Monday, August 30, 2010

Violence, part 3: Its usefulness

Defined as two or more objects attempting to exist in the same space at the same time, it is fairly easy to see why violence is bound to occur.  One of the laws of our physical universe is that two objects cannot exist in the same space at the same time.  Therefore, even if two objects both came to the same space honestly, there will be conflict between them if they reach it at the same time.

Supernovas and volcanoes are among the many things found in nature that are undeniably violent, but most of nature appears to be in harmony with itself.  While I agree that the universe is harmonious to a large extent, I believe that when you look hard at it, you find that the universe's harmony comes not from a lack of violence, but from spectacular reactions to violence.  The example of photons hitting our retinas from the last installment demonstrates that even things existing for only a few million years can develop ways of using the violence pervasive throughout the universe in a way that is beneficial.

In fact, all of our senses rely on violence to detect the world around us.  We only perceive things that either directly or indirectly visit violence upon our bodies.  There are things in the physical universe that are unable to visit violence upon us--most strikingly dark matter, the substance that appears to compose the large majority of our universe.  It is invisible to us because it passes through us and everything we perceive as if we were in a ghost world.  Because it does no violence to us, our bodies were not able to evolve a detection system for it.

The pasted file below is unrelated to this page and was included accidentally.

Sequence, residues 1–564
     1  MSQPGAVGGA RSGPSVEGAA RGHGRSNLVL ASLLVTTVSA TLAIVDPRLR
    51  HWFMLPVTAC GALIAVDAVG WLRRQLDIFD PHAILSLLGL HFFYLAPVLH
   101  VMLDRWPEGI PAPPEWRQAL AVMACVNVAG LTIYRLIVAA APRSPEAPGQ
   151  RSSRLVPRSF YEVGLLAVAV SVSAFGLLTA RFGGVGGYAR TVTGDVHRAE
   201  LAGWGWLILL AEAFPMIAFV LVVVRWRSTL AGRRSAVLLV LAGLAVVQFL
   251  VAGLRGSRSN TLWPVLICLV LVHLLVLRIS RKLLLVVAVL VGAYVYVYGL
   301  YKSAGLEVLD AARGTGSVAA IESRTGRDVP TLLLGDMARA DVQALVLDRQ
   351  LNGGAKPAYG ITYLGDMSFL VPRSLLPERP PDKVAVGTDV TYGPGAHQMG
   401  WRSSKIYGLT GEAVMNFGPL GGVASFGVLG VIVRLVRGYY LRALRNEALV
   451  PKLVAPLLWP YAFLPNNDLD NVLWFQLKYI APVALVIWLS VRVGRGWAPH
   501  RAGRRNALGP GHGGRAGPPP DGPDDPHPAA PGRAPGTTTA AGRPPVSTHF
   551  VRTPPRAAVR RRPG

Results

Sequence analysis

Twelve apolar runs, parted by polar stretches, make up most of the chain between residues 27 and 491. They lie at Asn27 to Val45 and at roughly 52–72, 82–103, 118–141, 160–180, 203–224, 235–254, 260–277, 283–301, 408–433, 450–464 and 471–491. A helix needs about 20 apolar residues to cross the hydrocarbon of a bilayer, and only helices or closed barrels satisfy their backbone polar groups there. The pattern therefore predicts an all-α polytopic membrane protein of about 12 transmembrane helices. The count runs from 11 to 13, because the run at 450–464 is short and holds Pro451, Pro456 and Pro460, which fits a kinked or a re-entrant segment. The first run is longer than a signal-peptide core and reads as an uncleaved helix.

It likely didn't take long for humans and their massive brains to take a more proactive role in figuring out the uses of violence.  While we all have the image of the caveman bashing in a neighbor's head with a club, our ancestors were also able to utilize violence to create some of the most important of human inventions, such as fire and the wheel.  More toward our purposes, humanity also took advantage of violence that occurs outside the physical realm--in the universe of emotions and ideas.  From threats of deliberate physical violence that make one obedient to brain-teasing riddles that make one more intelligent, humanity has existed with a multitude of violent expressions along a wide spectrum of degrees for literally as long as it can remember.

And as we are seeing in this world of violence that is growing ever more complex, we would be mistaken to shun all violence as necessarily "bad."  Violence indeed is responsible for all of the hurtful things that happen to people, but it is also responsible for nearly all of the great things in the universe, as well.  In the next installment, I want to set up a rough taxonomy of violence to make it easier to discuss not only its various roles in our everyday lives, but also where it fits into our most precious works of art.  

1 comment:

Ava Avane Dawn said...

Awesome posts, keep them up! :)